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Temperature Change and resulting Sweats of vehicle

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  • #16
    Buy five sheets of 4 X 8 stranboard 7/16" ($40) and run your truck up on them. Cover the truck with an insulated waterproof cover.

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    • #17
      Randy,
      I had the same problem (Delaware, OH). I have light car cover over the car but the cold metal just condensed the moisture all over the car. I figured the best solution was to warm up the car so the dog and I went for a drive. Dry as a bone when we got back!

      Nathan

      _______________
      http://stude.vonadatech.com
      _______________
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      https://jeepster.vonadatech.com

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      • #18
        Ok, here we go again 57 degrees on Jan. 4th. Of course truck swet. I moved truck out ,dried it best I could, put plastic on concrete, pulled truck up over plastic, put first sheets, than blankets over truck . Will this help or just trap moisture? Thanks for all the help!

        Randy Wilkin
        1946 M5 Streetrod
        Hillsboro,Ohio 45133
        Randy Wilkin
        1946 M5 Streetrod
        Hillsboro,Ohio 45133

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        • #19
          It depends.

          Of course, colder air cannot hold as much water, therefore sweats.

          Heat, bags, vents, dessicants and other stuff should help. There are some really good suggestions by everyone in this thread - some expensive and some maybe not as much. How about a simple enclosed framework of 2x2s, covered with plastic, and a dehumidifier inside?

          I would check blankets & sheets daily for moisture.

          I have seen paint and bodywork damage that I think was caused by wet blankets. My understanding is that paint forms a lattice-like cover on metal. Therefore metal is never completely protected with just paint. Leaving water there, unable to dry immediately, may be worse for the finish.

          Water by itself that can dry can't be too bad for cars, because the most rust free cars are on the west coast where there is lots of rain - but I presume there are dry out periods between.

          I still have not spent a lot of time trying to solve the problem. If I could get a CASO ground source heating sytem for everything (house & Barn), then I would be able to solve my sweat problem.

          Paul

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          • #20
            John Clary
            Greer, SC

            SDC member since 1975

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            • #21
              Here's another firm that does the bubbles...there are clear and look neat.
              They also make an non-transparent outdoor unit.

              http://www.carcoon.com

              I'm thinking of geetting one for my other car just to keep the dust off and control humidity to the wood wheels.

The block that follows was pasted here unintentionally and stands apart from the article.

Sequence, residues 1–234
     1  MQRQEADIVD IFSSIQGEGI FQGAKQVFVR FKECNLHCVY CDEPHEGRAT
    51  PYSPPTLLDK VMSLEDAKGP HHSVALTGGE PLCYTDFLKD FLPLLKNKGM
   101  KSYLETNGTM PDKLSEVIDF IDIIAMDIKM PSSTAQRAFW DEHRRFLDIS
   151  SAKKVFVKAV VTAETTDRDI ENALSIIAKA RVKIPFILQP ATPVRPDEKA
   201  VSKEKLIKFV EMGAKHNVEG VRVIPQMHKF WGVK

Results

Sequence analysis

63 Avanti R1 2788
              1914 Stutz Bearcat
              (George Barris replica)

              Washington State
              63 Avanti R1 2788
              1914 Stutz Bearcat
              (George Barris replica)

              Washington State

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              • #22
                I'm up north in Canada where the temp stays just below freezing till spring, so my conditions may not be the same. However, I have put tarps on the floor to insulate the car from from contact with the floor. I have also used cardboard with great results. Cheap, but your issues are slightly different.

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                • #23
                  I appreciate all the ideas and everyone taking time to help! I think I will fight it this winter with plastic on floor . look for old carpet ,and cover truck ,during summer will come up with better protection for future, Thanks Everyone !

                  Randy Wilkin
                  1946 M5 Streetrod
                  Hillsboro,Ohio 45133
                  Randy Wilkin
                  1946 M5 Streetrod
                  Hillsboro,Ohio 45133

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                  • #24
                    Plastic on the floor won't help. That's just another non-absorbent surface; like concrete. Carpet over the concrete would be a whole lot better. The wood I suggested would be a non-condensing surface too. You see, the problem is caused by non-absorbent surfaces combined with pro-condensing surfaces. Moisture condenses on the non-absorbent surfaces and is allowed to just sit there under your truck until it evaporates from its puddles and rises up in the form of vapor and then condenses once again on your truck's cold steel pro-condensing body panels. And there it sits protected from evaporation by the car cover, which gives it plenty of time to eat your truck.

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